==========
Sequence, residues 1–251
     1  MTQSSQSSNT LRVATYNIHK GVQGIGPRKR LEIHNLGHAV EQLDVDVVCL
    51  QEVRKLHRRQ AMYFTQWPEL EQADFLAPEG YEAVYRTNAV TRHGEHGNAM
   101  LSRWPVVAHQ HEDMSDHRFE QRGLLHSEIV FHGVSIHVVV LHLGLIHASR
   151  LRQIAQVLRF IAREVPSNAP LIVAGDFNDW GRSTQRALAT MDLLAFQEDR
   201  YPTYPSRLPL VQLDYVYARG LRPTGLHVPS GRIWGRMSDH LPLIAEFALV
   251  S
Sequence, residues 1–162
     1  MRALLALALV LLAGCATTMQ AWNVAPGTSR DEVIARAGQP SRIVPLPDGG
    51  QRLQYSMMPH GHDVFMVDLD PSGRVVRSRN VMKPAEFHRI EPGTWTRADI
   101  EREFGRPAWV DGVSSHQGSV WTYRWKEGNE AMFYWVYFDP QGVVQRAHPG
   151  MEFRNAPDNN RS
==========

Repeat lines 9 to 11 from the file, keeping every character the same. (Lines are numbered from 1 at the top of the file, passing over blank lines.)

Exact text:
     1  MRALLALALV LLAGCATTMQ AWNVAPGTSR DEVIARAGQP SRIVPLPDGG
    51  QRLQYSMMPH GHDVFMVDLD PSGRVVRSRN VMKPAEFHRI EPGTWTRADI
   101  EREFGRPAWV DGVSSHQGSV WTYRWKEGNE AMFYWVYFDP QGVVQRAHPG